Saturday, November 24, 2012

Homeschool Catch-up Post

Yes, we are still homeschooling. And no, we aren't planning to change it just yet. So lots of things are going on in our little school and lots of new stuff. The big news is that I'm now teaching M English reading. Phonics sounded too crazy for me, so instead I settled on a book called "Teach Your Child to Read in 100 Easy Lessons" and I absolutely love it (so far).

We've done just over 30 lessons and M reads! He reads words, sentences and even short stories. And he understands what he reads without relying on a picture. Besides, his reading is very smooth and he blends the sounds well (better than he does in Russian, actually). This book is so simple to use! It provides very clear step-by-step instructions for parents and there's like no prep time for the lessons.

I'm also greatly relieved that with the DISTAR method used in the book we don't need to worry about sight words. One of the reasons I wanted to homeschool was to avoid just this type of rote learning ever-present in alphabet songs, rote counting to ten and back and sight words.

I was a bit worried that starting English with him would interfere with his Russian reading especially since his progress was so uncertain. So far it doesn't look as if it does. There were a few times that he mixed up Russian and English sounds. But I realized that if I teach English first, then - math, then a longish (an hour or so) break before teaching Russian, it helped. Another thing that helped was reminding M which language we were practicing reading.

One of the totally unexpected things about introducing English reading was that it actually helped M blend sounds better when reading Russian. Now he almost never reads individual letters, but instead the entire syllables which makes for much faster reading and better comprehension.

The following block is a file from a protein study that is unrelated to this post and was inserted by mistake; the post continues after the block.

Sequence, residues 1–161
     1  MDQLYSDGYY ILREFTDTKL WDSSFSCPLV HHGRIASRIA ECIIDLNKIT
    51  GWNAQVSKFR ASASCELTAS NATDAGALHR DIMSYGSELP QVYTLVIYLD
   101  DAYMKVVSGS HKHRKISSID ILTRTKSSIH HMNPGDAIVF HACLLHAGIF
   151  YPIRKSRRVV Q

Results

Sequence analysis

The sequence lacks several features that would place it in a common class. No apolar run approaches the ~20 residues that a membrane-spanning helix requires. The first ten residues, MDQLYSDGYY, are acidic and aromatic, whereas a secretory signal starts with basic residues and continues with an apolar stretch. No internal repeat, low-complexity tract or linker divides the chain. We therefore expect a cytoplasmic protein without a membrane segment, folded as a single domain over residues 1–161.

Last time I was in NY, I picked up this reading workbook at the Russian store. It's for kids ages 5-6 and M is finding it pretty easy (we end up skipping some of the easier exercises). But the book cover says that it's for "gifted children". Hmm... maybe they are playing to the parents' vanity. I don't let this get to my head. For now we practice lots of two- and three-syllable words and play games that work on fluency and actually reading a word vs guessing it.

And, of course, we also do math. I set aside the RightStart book for now. He was doing very well with geometry, but not so good with number facts past 7. So I decided to back up a bit, work on very basic stuff, like adding by 1, number facts to 5, etc. It's a bit frustrating for sure. Especially since if I replace numbers with any other symbols, he gets it and adds and subtracts without any difficulty.

At the same time, M's been intensely interested in very big numbers - a million, a billion and a trillion. He keeps asking me to re-read the "How Much Is a Million" to him. But more about this one some other time.

Apart from the homeschool, he's been busy at his Jr First Lego League and also at home building vehicles and Star Wars scenes with Legos, making islands, helping Chris in the yard and playing with friends.


  1. Interestingly, I tried that book with Anna (granted, she was 2.5 at the time), but we both hated it. I taught her to read using method, and she just took off with it. And she also loves big numbers. She really liked "Big Numbers" book and poured over it for days.

    1. Honestly, I think the biggest reason I didn't go with phonics was that I was terrified of it. It seemed very complicated. I know many parents who used phonics and phonics-based computer games to teach their kids and love it. Isn't it funny how kids are fascinated with giant numbers?